The Pros & Cons of Tiny Home Living

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Tiny homes are becoming more and more popular. Here’s why…

The “tiny home” movement is taking off lately – partly due to cash-strapped millennials wanting to save money on a home, and partly due to the growing interest in self-sustainable and eco-friendly living.

While the average American home is approximately 2,600 square feet, a tiny home is typically somewhere between 100 and 500 square feet – obviously a drastic downsizing for many people!

So why are so many becoming interested in living in a tiny home? Simplification is one big reason. By adopting a minimalist lifestyle, some people feel that they are free to enjoy the experiences of life – rather than being trapped in maintaining a bunch of material things.

The article below discusses a few of the main pros and cons of tiny home living:

What are the benefits?

Financially, most Americans contribute up to half of their annual income towards housing. According to The Tiny Life, most Americans also carry a 30-year mortgage and with 4% interest, making a whopping total amount of $481,000 when all said and done. The average tiny home is $25,000 all-in. You can see the appeal.

Environmentally, tiny houses are now equipped to basically be off-the-grid. Traditional utilities are not needed with the technology of solar and energy-efficient lighting, appliances and even toilets that are 100% composting. This also means overall less of a carbon footprint, and up-keep for your house is also lower in turn. Even the construction of a tiny home is far less than a traditional house, and can be built by the owner themselves. There are many builders now that offer a variety of services from providing blueprints, to a full-scale build depending on your budget and level of comfort of a DIY-house.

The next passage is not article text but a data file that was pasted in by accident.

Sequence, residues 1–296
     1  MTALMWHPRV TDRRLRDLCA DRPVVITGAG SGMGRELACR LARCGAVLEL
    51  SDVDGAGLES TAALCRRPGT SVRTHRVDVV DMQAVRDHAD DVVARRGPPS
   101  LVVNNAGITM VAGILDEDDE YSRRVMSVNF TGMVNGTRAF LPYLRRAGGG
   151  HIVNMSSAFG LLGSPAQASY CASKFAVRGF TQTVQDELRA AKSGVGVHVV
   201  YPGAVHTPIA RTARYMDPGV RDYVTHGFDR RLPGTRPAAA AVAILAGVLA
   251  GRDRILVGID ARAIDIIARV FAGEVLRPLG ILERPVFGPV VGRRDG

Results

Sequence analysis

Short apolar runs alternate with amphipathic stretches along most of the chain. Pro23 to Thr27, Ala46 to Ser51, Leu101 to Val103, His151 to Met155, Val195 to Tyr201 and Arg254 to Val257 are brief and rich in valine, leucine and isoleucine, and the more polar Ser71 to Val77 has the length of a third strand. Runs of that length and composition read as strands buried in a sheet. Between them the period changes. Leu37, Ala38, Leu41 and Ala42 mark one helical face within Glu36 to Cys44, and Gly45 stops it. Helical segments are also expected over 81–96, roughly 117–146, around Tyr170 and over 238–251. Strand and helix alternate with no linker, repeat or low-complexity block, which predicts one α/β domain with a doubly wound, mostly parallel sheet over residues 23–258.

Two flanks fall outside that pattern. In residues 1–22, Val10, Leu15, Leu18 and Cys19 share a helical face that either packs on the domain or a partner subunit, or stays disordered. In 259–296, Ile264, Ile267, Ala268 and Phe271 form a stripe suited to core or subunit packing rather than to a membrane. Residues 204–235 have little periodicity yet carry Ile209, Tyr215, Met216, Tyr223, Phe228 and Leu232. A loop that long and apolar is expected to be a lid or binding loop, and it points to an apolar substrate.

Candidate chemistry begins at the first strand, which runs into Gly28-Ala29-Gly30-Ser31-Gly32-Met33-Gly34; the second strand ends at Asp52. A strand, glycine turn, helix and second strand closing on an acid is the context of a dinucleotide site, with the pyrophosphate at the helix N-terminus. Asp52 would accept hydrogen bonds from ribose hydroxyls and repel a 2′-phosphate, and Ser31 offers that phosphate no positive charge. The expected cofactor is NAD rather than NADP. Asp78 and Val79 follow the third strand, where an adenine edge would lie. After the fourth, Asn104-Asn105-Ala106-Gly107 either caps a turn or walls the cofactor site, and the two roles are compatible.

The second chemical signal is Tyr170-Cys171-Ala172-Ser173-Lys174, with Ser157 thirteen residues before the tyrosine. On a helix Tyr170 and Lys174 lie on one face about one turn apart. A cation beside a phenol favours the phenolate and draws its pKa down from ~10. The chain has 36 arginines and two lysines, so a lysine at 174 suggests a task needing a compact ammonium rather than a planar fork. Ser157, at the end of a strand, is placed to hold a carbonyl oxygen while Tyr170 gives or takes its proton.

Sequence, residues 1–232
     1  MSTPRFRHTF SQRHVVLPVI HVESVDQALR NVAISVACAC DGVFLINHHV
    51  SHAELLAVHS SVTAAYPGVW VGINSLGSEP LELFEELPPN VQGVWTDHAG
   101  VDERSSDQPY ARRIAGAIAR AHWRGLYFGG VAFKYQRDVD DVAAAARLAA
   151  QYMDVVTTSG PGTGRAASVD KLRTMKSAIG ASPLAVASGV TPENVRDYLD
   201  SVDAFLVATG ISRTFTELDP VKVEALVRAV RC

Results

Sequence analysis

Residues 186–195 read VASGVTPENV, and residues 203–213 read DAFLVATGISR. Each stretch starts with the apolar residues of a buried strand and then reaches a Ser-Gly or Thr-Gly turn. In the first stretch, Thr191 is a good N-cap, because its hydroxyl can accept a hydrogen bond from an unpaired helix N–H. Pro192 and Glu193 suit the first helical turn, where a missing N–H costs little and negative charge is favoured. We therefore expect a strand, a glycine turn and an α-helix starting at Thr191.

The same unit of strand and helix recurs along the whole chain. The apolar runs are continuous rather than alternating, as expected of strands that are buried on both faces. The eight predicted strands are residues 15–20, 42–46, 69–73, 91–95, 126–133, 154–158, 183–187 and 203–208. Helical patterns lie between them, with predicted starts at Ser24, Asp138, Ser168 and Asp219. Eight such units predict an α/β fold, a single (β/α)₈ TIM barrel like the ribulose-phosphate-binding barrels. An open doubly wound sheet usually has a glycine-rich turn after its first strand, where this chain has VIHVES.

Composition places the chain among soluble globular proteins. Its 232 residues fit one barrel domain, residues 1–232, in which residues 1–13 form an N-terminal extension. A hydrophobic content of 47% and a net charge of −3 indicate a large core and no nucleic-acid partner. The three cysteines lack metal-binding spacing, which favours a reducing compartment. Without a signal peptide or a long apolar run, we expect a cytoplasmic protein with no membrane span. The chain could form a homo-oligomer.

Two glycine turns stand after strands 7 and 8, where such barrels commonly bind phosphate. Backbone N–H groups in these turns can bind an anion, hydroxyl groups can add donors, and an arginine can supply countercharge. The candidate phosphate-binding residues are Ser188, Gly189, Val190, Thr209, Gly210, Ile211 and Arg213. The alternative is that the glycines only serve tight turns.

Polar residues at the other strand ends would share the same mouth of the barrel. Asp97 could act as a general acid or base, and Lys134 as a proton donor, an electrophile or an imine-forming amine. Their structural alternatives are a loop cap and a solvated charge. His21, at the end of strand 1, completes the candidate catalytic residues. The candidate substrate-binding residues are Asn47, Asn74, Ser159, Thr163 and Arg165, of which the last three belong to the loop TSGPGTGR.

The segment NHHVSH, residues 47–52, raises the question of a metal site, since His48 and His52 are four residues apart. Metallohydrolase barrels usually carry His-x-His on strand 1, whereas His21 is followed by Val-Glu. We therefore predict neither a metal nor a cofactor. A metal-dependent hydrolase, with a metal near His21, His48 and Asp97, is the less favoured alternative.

The Quality of Life paradigm is shifting, and between all-ages. The idea of a simple life, less chaos and living smaller and more sustainable is heating up. The idea of having the freedom to stay or go when you want is appealing, which has many people exploring this idea. The idea of being self-sustained and financially less dependent on living paycheck to paycheck is also increasing this quality. There are all types of small homes as well, with the choice of literally being built on a flatbed, and others on a foundation. It’s all personal preference and how you envision “living the dream”.

The cons…?

It makes you realize how much – or how little – you need. You do downsize from your giant L-shaped couch, or even TV. You may have half the refrigerator you are used to, or perhaps a composting toilet. You adjust and live in one space at-a-time. Things will break, leak or stop working – those of which you fix or hire someone to fix it, much like any home-owner is responsible for. You also have some zoning issues to meander through depending on your location and if your house is on a foundation or trailer, but all these things are workable if you feel that a tiny home is right for you.

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